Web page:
"For larger teams and those who require integrated work item tracking and other software configuration management features, we've got a shiny, new Team Foundation server that we think you (AND the Microsoft Windows development team) will be using for many years to come." -- Korby Parnell.
Actually, the post was mainly about Visual SourceSafe, a product I cannot in conscience recommend to anyone. Any tool whose Best Practice guide recommends that you run a scheduled repair utility, so that the database corruption doesn't grow excessive, is just poor - particularly one you're relying on for your core business assets. Now, in fairness, a lot of the corruption experienced by many people is down to the usual culprits: flaky hardware, bad implementations of network file sharing in Windows 9x. Fundamentally, though, you have multiple remote clients modifying the same files - which has traditionally also caused problems for Microsoft Access - with no decent blocking lock support.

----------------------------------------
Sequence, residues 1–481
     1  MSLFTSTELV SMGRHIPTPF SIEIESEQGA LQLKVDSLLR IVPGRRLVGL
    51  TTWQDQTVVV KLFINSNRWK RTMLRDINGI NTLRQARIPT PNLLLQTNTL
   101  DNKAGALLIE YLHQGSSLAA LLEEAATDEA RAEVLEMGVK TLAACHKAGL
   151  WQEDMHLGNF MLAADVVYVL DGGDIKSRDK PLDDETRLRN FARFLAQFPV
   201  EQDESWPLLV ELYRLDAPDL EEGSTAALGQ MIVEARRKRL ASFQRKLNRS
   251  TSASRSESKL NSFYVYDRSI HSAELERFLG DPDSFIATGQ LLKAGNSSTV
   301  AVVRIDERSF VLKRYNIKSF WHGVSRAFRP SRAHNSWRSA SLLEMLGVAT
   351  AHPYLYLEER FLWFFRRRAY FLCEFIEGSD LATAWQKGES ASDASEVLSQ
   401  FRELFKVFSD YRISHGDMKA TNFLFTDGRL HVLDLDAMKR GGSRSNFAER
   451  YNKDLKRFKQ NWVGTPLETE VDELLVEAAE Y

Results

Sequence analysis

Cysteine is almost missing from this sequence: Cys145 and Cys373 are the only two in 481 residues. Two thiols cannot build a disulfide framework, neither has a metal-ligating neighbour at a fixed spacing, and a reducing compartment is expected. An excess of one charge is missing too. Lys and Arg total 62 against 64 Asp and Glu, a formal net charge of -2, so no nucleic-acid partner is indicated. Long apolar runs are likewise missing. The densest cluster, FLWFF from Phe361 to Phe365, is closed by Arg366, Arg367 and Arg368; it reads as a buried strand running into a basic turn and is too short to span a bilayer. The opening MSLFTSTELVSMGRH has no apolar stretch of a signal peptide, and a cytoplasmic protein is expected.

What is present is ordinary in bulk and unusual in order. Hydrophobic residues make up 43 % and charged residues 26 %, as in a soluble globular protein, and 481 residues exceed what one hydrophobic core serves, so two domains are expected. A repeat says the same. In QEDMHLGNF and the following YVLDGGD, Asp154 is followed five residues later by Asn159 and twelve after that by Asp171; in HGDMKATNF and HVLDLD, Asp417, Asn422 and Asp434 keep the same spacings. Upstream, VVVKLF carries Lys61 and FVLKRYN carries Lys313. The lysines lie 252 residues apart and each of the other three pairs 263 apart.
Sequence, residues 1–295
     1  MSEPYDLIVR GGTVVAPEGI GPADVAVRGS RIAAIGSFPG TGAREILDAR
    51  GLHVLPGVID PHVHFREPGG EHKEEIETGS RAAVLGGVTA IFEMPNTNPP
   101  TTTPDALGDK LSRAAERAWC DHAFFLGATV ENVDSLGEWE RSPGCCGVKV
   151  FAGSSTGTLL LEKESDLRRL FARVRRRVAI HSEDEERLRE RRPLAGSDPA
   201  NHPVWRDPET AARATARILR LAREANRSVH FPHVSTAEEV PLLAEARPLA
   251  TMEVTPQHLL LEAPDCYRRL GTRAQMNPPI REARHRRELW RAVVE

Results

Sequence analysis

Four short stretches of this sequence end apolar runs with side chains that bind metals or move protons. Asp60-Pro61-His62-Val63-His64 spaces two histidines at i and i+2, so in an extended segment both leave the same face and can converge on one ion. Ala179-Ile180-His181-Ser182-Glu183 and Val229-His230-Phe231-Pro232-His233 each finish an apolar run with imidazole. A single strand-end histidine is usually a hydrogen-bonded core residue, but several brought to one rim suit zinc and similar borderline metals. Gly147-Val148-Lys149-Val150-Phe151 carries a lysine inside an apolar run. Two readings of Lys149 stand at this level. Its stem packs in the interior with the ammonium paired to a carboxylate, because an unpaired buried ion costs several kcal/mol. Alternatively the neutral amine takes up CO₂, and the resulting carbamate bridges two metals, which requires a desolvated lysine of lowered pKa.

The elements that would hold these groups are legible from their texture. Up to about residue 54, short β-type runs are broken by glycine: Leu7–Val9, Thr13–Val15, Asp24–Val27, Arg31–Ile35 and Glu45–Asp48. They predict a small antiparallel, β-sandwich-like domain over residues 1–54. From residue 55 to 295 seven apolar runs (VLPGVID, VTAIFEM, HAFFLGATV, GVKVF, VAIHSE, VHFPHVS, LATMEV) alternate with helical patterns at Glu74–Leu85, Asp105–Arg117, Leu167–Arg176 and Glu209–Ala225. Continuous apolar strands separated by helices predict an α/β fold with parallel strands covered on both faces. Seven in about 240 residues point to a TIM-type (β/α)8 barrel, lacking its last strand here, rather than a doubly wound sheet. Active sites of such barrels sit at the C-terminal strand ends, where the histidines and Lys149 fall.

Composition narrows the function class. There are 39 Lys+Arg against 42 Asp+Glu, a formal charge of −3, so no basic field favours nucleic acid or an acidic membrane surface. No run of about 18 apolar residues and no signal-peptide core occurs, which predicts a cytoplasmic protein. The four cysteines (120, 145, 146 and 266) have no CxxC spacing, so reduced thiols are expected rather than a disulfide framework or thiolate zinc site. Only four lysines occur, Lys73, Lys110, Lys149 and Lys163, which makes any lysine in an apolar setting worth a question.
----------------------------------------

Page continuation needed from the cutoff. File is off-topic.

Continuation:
We know that Microsoft were using an internal system before Windows 2000 that basically forced a serialised development style; when it went into the final stabilisation stage, and the team were beginning to look towards Whistler (eventually Windows XP/Server 2003), they started to use a new internal system called SourceDepot (Source: Mark Lucovsky's USENIX presentation "Windows: A Software Engineering Odyssey" [PPT, HTML version]). Rumour has it (never officially confirmed) that SourceDepot is derived from a Perforce source-code license. It's a pretty good bet that Microsoft aren't allowed to sub-license their mods to anyone else.
VS Team System's version control component (code-name Hatteras) looks surprisingly (but no doubt superficially) like SourceGear Vault, from a descriptive point-of-view. Eric Sink (CEO of SourceGear) indicates the impact he thinks this will have on Vault (basically, innocent bystander caught in the cross-fire between IBM's ClearCase and Microsoft). So MS may be continuing in their long-standing tradition of dog-fooding - or Windows may have again grown out of its source control solution.
However, the future looks decidedly dim for SourceGear's SourceOffSite - similar features appear to be destined to appear in VSS 2005.